explore this section
Research Seminars 2018-2019
Semester 2 | 2019
sombre / vox ghost tongue
Prof. Yasser Elhariry (Dartmouth College, USA)
Taking its cue from the title of Ryoko Sekiguchi’s La Voix sombre (P.O.L, 2015), this talk offers a close reading of the polysemia of the French word sombre by way of an overview of theories and practices of listening. It alternates between transhistorical intertextual silences and vocalizations, and close readings of poetry by Sekiguchi, Luc Bénazet, and Christophe Tarkos, interweaving them in the process with a pop cultural landscape composed of the hauntings of memory and the unlocatability of the sound object. Trailing throughout this soundfield are all manners and shadows of ghost: the talk closes with late perfomer-poet Tarkos’s very first public appearance at cipM on 14 May 1993.
Samuel Beckett and (post)colonial France: the politics of domesticity
Prof. Hélène Lecossois (Professor of Irish Literary Studies, University of Lille, France)
ORB 1.24 @ 17.00
Women, Immigration and Transnational Identities in Recent Quebec Culture
Prof. Juliette Rogers (French and Francophone Studies, Macalester College, USA
Dr Arthur Asseraf, Trinity College, Cambridge (UK)
Semester 1 | 2018
November 28 - Research Seminar
A Tale of Two Monuments: Commemorating the First World War in Algerial and France
Dr Dónal Hassett - Department of French
ORB G.27 @ 4pm
Claude Pélieu: On All Frequencies
James Horton (École Normale Supérieure, Paris, France)
(in collaboration with UCC Library and the Claude Pélieu exhibition)
Research Seminars 2017-2018
Semester 2 | 2018
March 8 - French Symposium
- Professor Kate Marsh, University of Liverpool
‘Policing the Other: Anti-Colonial Agitators and Dangerous Revolutionaries in Interwar Le Havre’
- Dr Maria Flood, Keele University
‘Critics and Controversy: Two Francophone films on Terrorism’
ORB 1.24 @ 16.00
March 6 - French Film Festival Masterclass
with Gaël Morel
CACSSS Seminar Room G27 @ 16.00
March 1 - Research Seminar
Are jobs and professions gendered in France?
Prof. Joëlle Popineau, Université de Tours
ORB 1.24 @ 16.00
Semester 1 | 2017
November 9 - Research Seminar and Workshop on Conflict Violence and Gender
hosted by Department of French UCC and the CASiLaC Research Cluster Conflict, Gender and Violence
- 3-4pm: Nicoletta Mandolini, Department of Italian:
‘Hypergendered Victims and Genderless Perpetrators: Journalistic Representations of Feminicide in Italy'
- 4-5pm: Caroline Williamson, Department of French:
‘What is really unspeakable? Gendered editorial interventions in Rwandan genocide testimonies’
Research Seminars 2016-2017
26-27 September 2016 International workshop organised by Caroline Williamson (Department of French, UCC). ‘On Pandering to a Western Readership: Building a Network around Activist Translation’. O'Rahilly Building, CACSSS Seminar Room (G27). An Irish Research Council New Foundations Project
October 14-16 Department of French hosts Annual Conference of the Association des Études Françaises et Francophones d’Irlande (ADEFFI). This year’s theme is ‘Obéissance’ and the conference will see delegates from Canada, France, Ireland, Italy, Lebanon, Romania, Spain, Tunisia, the UK and the US.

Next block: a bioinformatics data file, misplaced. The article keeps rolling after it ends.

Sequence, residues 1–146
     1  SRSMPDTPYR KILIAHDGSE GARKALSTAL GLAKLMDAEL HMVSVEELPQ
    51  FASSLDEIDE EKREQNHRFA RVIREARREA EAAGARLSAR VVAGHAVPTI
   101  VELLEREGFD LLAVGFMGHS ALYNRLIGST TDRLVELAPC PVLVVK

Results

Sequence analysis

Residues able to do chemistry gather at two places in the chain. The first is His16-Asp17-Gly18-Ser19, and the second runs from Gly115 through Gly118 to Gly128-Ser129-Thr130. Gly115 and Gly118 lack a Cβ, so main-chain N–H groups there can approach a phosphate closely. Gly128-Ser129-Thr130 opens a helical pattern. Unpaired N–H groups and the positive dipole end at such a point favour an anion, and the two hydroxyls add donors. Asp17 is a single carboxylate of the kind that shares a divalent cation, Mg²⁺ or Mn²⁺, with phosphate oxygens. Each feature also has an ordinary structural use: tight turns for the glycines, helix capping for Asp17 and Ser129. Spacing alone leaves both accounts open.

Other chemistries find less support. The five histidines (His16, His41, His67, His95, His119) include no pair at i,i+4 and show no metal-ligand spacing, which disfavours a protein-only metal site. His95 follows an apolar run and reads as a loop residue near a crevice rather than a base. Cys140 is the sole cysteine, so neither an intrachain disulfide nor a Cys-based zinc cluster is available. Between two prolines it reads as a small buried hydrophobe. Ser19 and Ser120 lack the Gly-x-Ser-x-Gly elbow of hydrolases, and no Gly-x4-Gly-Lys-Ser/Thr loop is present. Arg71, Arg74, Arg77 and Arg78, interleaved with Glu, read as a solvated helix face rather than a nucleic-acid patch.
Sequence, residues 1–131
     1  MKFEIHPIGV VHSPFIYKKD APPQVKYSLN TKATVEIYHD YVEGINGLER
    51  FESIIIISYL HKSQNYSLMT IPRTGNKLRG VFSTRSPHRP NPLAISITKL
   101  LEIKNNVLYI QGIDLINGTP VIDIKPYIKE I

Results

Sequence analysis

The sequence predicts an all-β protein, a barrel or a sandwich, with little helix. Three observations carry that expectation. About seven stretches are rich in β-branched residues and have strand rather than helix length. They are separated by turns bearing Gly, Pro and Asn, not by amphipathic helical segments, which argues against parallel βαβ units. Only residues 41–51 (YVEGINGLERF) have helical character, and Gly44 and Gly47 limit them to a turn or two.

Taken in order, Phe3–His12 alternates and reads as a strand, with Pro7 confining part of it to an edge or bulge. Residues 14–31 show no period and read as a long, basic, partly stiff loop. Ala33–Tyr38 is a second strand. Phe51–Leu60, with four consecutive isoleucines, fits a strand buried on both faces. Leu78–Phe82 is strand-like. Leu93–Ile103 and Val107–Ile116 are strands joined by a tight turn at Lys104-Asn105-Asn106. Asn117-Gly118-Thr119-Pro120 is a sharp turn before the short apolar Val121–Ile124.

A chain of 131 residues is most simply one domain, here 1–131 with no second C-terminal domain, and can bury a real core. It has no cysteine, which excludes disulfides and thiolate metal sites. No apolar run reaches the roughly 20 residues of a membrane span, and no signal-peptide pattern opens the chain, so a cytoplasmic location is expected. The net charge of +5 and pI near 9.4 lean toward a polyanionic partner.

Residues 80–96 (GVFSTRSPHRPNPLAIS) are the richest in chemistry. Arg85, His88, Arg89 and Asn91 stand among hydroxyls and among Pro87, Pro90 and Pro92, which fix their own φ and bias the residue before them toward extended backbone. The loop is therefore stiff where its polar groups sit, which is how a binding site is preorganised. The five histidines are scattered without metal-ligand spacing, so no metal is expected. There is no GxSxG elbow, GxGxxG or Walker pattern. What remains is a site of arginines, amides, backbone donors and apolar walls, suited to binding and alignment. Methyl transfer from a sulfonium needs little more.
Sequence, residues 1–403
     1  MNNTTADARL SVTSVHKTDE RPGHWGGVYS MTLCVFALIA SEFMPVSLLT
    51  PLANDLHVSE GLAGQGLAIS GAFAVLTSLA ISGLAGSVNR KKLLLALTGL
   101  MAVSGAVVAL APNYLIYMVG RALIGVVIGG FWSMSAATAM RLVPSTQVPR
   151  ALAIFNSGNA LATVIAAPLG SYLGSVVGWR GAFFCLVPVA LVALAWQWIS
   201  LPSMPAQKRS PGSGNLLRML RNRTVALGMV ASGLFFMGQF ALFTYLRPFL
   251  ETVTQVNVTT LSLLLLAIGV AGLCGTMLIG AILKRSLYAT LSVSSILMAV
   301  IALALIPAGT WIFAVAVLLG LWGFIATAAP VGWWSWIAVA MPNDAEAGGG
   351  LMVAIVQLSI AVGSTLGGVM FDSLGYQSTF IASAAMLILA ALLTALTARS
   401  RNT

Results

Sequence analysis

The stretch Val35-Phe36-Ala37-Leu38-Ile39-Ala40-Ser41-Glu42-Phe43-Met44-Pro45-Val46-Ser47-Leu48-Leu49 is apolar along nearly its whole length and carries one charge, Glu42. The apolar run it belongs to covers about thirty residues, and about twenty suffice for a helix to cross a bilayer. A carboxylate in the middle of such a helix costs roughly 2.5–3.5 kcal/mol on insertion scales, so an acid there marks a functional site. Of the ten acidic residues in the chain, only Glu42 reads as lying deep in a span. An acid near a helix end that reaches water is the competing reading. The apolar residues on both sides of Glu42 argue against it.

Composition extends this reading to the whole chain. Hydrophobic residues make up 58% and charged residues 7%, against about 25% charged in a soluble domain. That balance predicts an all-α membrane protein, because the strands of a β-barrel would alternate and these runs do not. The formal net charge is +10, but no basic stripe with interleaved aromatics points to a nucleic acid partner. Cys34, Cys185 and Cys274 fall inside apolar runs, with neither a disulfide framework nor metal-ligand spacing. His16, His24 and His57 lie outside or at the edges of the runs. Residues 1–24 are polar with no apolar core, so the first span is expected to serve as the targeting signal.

November 10. Research Seminar. Patrick O’Donovan (Department of French, UCC), ‘Certeau’s landscapes: the image and the agency of form’. ORB 1.24, 17.00.
November 23. Guest Lecture. Olivia Walsh (University of Nottingham), ‘Linguistic Purism in France and Quebec’. Elect Eng. L1, 11.00. Co-hosted with BA World Languages.
November 24. Research Seminar. Patrick Crowley (Department of French, UCC), ‘The Conflict of Memories: the National Museum of the History of Immigration, Palais de la Porte Dorée, Paris’. ORB. 1.24, 17.00. Co-hosted with the CASiLaC Memory Studies Cluster and ISS21 Migration and Integration Research Cluster.
December 8. Research Seminar. Margot Spencer (Department of French, UCC), ‘Increasing Language Diversity in Ireland and its Impact on the Translation Professions: the 2011 Census’. ORB. 1.24, 17.00
Tuesday February 21, Kate Hodgson (Department of French): Screening of the film Belle Ville, winner of the ‘Best World Short’ award at IndieCork 2016, followed by discussion via Skype with Franco-Korean director Jung Wonhee. 2.30-4pm, Boole 5. In partnership with the ISS21 Migration and Integration research cluster.
Monday March 6, Film Masterclass with Yann Arthus-Bertrand 4-6pm in ORB G27 in partnership with the Cork French Film Festival.
Wednesday March 8, Azouz Begag (Writer, Politician, Sociologist and former delegate French Minister for Equal Opportunities) 5pm in Elect Eng. L1 (title tbc)
Wednesday 8 March, Professor Stef Craps (Ghent University): ‘The Trouble with Trauma’ at 6pm in partnership with the CASiLaC research cluster on Violence, Conflict and Gender.
Thursday March 23, Professor Celia Britton (University College London): ‘Sexuality and Racial Politics in Maryse Condé’s La Belle Créole'. ORB 1.24, 16.30,.
Thursday March 30, Matthieu Saladin (Université de Paris 8 and practitioner): ‘La capture de l'inaudible’, ORB, 1.24, 16.30,.
French Research Seminars 15-16
CASiLaC Research Forum, Paul Hegarty (Department of French),‘Foucault and War’ORB 1.24 16. 30, January 14, 2015
Professor Christophe Gillissen, Université de Caen, ‘Vers une histoire de la laïcité’, , Kane AL 19, 11.00, January 15.